Penniless, Baron Frankenstein, accompanied by his eager assistant Hans, arrives at his family castle near the town of Karlstaad, vowing to continue his experiments in the creation of life. ... See full summary »
A Victorian-age scientist returns to London with his paleontological bag-of-bones discovery from Papua New Guinea. Unfortunately, when exposed to water, flesh returns to the bones ... See full summary »
A dead and frozen Baron Frankenstein is re-animated by his colleague Dr. Hertz proving to him that the soul does not leave the body on the instant of death. His lab assistant, young Hans, ... See full summary »
Three middle-aged distinguished gentlemen are searching for some excitement in their boring bourgeois lives and get in contact with one of Count Dracula's servants, Lord Courtley. In a ... See full summary »
In 18th-century England, the Royal Crown sends Royal Navy Captain Collier and his crew to investigate reports of illegal smuggling and bootlegging in a coastal town where locals believe in Marsh Phantoms.
Peter Graham Scott
When European Egyptologists Dubois, Giles and Bray discover the tomb of the Egyptian prince Ra, American entrepreneur and investor Alexander King insists on shipping the treasures and ... See full summary »
In early-twentieth-century middle-Europe, villagers are literally becoming petrified. Although the authorities try to hush the matter up, it is apparent that at the full moon, Megaera, a Gorgon, leaves her castle lair and anyone looking on her face is turned to stone. When this fate befalls a visitor, experts from the University of Leipzig arrive to try and get to the bottom of it all. Written by
Jeremy Perkins <firstname.lastname@example.org>
Prudence Hyman was nearly decapitated for real. She was supposed to duck when Lee swung the sword but forgot to do so at the critical moment. The assistant director pushed her aside just in time. The scene was then redone with a dummy. See more »
When Carla meets Heitz in the graveyard, she tosses back the hood of her cape. In the next camera angle, the hood is artfully draped around her shoulders. This occurs again in the castle scene. See more »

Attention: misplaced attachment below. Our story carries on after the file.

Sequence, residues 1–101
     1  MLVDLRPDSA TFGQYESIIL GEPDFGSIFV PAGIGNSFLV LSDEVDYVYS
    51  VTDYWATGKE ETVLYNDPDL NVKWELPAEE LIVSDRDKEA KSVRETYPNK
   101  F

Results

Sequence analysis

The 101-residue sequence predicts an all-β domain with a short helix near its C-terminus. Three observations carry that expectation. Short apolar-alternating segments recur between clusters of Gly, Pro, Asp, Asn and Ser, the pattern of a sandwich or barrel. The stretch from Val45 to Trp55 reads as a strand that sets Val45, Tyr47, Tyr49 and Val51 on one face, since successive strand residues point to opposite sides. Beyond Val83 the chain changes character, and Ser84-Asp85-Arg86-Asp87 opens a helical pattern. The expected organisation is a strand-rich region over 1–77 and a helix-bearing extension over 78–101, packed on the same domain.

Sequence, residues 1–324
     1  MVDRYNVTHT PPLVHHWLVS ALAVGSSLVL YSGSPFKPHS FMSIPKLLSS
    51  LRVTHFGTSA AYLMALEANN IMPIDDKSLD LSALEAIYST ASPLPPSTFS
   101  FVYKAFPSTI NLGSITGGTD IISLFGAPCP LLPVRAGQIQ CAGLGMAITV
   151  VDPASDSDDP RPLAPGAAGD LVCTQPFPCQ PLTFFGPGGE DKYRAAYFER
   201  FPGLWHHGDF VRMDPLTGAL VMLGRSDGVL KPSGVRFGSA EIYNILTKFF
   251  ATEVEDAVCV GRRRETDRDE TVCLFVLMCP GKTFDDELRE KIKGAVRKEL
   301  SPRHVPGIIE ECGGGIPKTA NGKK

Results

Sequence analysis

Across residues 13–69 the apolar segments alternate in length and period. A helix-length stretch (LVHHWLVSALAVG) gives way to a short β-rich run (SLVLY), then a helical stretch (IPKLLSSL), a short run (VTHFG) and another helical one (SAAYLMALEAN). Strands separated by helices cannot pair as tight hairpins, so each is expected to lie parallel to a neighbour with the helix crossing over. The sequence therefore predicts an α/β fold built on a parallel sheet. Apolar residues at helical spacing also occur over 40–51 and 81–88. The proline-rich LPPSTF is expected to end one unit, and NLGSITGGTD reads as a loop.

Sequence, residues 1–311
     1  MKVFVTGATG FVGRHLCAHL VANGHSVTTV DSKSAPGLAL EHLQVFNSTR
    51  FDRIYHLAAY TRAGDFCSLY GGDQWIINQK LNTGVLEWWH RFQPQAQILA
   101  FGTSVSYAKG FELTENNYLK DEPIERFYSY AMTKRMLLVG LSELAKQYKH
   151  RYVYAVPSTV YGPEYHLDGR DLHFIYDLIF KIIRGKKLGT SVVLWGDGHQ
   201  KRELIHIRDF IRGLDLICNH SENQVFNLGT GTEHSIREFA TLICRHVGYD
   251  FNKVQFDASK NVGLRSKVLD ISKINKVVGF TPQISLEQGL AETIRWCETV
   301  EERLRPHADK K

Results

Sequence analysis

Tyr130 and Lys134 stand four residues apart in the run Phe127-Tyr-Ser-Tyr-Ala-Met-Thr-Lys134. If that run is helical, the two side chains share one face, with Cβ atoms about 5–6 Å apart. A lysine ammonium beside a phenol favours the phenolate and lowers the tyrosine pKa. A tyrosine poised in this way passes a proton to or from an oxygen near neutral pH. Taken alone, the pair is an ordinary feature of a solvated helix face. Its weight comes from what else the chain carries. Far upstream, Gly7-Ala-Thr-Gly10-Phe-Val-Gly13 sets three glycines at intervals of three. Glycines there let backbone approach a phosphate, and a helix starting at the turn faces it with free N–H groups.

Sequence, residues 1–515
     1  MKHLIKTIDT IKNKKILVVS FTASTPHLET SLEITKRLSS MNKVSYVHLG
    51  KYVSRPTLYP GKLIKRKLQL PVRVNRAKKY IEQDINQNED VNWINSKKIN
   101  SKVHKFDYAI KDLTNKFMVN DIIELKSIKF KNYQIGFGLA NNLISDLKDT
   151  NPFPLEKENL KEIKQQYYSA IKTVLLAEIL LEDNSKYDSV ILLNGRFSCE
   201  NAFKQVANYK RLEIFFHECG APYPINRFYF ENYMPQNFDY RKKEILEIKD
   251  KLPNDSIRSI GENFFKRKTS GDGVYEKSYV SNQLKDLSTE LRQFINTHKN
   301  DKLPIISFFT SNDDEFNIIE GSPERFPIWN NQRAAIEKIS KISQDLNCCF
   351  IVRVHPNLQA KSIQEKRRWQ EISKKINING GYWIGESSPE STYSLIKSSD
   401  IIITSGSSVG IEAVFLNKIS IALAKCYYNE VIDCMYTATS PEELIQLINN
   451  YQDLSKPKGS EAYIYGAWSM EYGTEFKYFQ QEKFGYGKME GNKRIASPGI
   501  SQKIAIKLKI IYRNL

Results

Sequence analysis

As mentioned by many, the Gorgon is not your typical scare-fest horror film. It's driving force is its atmosphere, its lore and understanding various subplots. Cheaply made, the film has no doubt turned some to stone-cold hysterics with its campy effects and home movie-like makeup of the creature. While the story has wonderful elements of mystery and lure, it never reveals certain motivations. For example, why has the Gorgon's spirit returned to earth? What is the Cushing character's intentions? Many of the story's characters know the myth behind the murders (how many variations are there to a creature turning a man to stone with her gaze?), so controlling the creature was no revelation. But all that aside, the film's theme is captivating. If you don't expect a monster movie, but view this film as a mystery based on folklore and with a haunting backdrop, you too will be delighted with this hidden gem. There is a scene in castle, when Mageara first appears and we catch glimpses of her peeking out at a prospective victim. It's a tantalizing prelude to the terror to come. But the scene that had me mesmerized , and that singularly crystalizes the Gorgon's chilling presence is when she has turned a character with her demonic stare, then seemingly drifts back into the shadows. It is a strangely beautiful scene. The Gorgon, called the Mageara, is a true mystery. She has no emotion, no true motivation, and she is not shown stalking her prey. Like a black widow in human form, she merely waits for (perhaps even lures) innocent souls to come to her parlor. Mageara seemingly in incapable of harming man, except for her petrifying gaze; she quietly floats about the castle. If I were to remake this film, I would tell the story from the perspective of the female host, and the struggle to understand her curse. There is sheer tragedy in what Hammer has presented, and I find myself looking upon many of the story's characters with sense of sadness and doom. Finally, I want to say that I wish the stone victims could have turned quickly, like those poor souls in the film "Thief of Baghdad," with Steve Reeves. Oh well, just a last thought.
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